With the onset of spring, we can anticipate ringing phones and frantic would-be or current clients calling with a concern or pest problem. As pest management professionals, I believe we have an obligation to be more knowledgeable about insects and other arthropods than our clients and customers. Many customers and clients will in fact link quality service to the knowledge of the PMP they are working with.

It is important to first understand, if you didn’t already, that insects, as a class of animals, far outnumber all other living animals on the planet. In fact, there are three times as many insects on earth as there are other animals in the rest of the animal kingdom, and there may be millions more yet to be discovered. Generally speaking, we divide and group insects by their importance to humans.

INSECTS VS. PESTS. First, there are species that are not considered pests. Surprisingly enough, this group represents close to 99 percent of all insect species. Next, there are beneficial insects. Beneficial insects extend far beyond the well-known honey bees, which pollinate roughly 80 percent of the earth’s plants. Beneficial insects also include species such as ladybugs and praying mantids, which are predators of insect pests. Lastly, there are the pest insects. This group accounts for the smallest number of species. These species may feed on plants, cause injury, transmit disease or cause structural damage.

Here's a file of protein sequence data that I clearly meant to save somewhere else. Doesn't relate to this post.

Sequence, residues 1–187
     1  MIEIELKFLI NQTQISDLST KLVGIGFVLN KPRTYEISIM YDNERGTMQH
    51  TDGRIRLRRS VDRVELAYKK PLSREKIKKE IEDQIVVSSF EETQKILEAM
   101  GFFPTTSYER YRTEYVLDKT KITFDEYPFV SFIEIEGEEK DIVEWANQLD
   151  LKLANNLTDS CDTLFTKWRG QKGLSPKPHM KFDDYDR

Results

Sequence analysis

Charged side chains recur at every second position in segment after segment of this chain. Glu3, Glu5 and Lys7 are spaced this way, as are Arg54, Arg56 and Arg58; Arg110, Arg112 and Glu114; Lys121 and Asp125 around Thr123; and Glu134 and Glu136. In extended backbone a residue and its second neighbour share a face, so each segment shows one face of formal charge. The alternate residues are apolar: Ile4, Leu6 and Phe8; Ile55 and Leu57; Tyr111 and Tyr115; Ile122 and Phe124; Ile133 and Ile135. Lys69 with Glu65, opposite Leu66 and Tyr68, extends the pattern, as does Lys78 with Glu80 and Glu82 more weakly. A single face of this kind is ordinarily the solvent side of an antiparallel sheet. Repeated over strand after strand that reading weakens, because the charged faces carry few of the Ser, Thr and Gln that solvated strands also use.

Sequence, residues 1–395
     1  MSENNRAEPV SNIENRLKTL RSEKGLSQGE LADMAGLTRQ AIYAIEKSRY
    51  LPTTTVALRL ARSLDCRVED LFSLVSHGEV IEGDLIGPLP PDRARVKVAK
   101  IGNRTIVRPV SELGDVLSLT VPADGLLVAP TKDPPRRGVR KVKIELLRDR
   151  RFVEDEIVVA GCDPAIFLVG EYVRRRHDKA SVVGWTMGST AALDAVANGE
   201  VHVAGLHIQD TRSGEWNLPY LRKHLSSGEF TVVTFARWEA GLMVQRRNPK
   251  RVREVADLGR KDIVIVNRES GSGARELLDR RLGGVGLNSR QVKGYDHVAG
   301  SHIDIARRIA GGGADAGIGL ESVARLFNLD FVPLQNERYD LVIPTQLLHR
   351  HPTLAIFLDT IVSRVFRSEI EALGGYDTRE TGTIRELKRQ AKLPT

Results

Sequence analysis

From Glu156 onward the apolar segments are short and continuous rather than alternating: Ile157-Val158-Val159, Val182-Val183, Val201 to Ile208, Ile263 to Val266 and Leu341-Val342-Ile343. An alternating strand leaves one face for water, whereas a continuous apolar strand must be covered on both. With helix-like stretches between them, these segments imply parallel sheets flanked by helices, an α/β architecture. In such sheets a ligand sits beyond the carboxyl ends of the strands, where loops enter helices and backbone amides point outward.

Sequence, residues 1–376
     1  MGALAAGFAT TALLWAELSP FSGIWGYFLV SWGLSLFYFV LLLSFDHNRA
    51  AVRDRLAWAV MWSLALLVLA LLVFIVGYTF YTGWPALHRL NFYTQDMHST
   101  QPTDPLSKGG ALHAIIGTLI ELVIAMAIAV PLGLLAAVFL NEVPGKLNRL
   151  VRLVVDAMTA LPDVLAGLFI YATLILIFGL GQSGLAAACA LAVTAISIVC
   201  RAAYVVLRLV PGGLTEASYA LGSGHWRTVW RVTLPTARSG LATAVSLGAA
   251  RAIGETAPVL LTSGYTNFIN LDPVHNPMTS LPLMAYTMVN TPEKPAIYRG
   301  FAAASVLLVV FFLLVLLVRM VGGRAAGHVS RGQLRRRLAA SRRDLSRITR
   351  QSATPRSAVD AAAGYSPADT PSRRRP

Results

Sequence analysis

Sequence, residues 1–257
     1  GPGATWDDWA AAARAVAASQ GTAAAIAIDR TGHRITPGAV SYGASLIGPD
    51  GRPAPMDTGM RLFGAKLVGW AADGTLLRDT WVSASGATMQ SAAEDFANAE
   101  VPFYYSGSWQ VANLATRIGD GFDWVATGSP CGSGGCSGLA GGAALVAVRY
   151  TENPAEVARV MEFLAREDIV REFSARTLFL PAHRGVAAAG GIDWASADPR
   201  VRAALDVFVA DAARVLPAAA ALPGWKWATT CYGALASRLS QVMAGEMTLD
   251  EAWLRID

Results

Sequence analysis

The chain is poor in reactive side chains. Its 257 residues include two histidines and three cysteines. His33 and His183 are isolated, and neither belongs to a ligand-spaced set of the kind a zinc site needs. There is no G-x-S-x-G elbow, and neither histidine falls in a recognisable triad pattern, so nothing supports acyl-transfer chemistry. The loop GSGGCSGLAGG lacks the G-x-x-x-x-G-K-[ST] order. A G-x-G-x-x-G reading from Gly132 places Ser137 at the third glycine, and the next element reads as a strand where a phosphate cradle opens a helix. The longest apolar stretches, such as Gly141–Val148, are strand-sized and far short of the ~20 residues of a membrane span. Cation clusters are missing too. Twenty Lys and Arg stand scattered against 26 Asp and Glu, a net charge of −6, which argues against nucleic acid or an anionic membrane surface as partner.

While pest insects are the primary concern for the PMP, it is important to know how to delineate between these groups to determine when and how to act. To some consumers of pest management services, they are all just “bugs,” and therefore pests. This misunderstanding may be accompanied by broad assumptions that our role as PMPs is to simply “kill bugs.” A lot can go wrong if this sentiment is upheld by a PMP, such as pesticide exposure to non-target organisms and the environment.

THE PMP’S ROLE. Your role as a PMP is not one of a killer, or that of a pesticide applicator, but more so to be steward of the environment and to protect and defend both public and environmental health. Knowing the difference between an insect and a pest and when to act is an important facet of that role and responsibility. To better understand your role as a PMP, someone more knowledgeable about insects and arthropod pests, let’s look like at some lesser discussed springtime insects and determine which are pests, which are not, and how to respond accordingly.

Before we go further, I want to share my own general rule of thumb when considering when to act. I, like many of you reading, am a structural PMP and entomologist, meaning that my particular licensure (and knowledge) is only applicable in many instances to pests in, on, under or immediately adjacent to a structure. So, if and when I am presented an off-structure challenge (e.g., garden pests), while I may be able to identify the pest (or insect), I may not legally be able to provide a service or solution. Make sure you head into the season knowing your state’s licensing requirements for structural, turf and ornamental pesticide applications

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THE GREEN LACEWING. Mostly commonly observed feeding and flying around grasses, shrubs and other ornamental plants, this beneficial insect may occasionally fly into or land to rest on a structure. This insect is neither a structural nor an ornamental pest and requires no action on the part of the PMP (except customer education). Green lacewings are beneficial insects that feed upon aphids and other insects that may harm plants.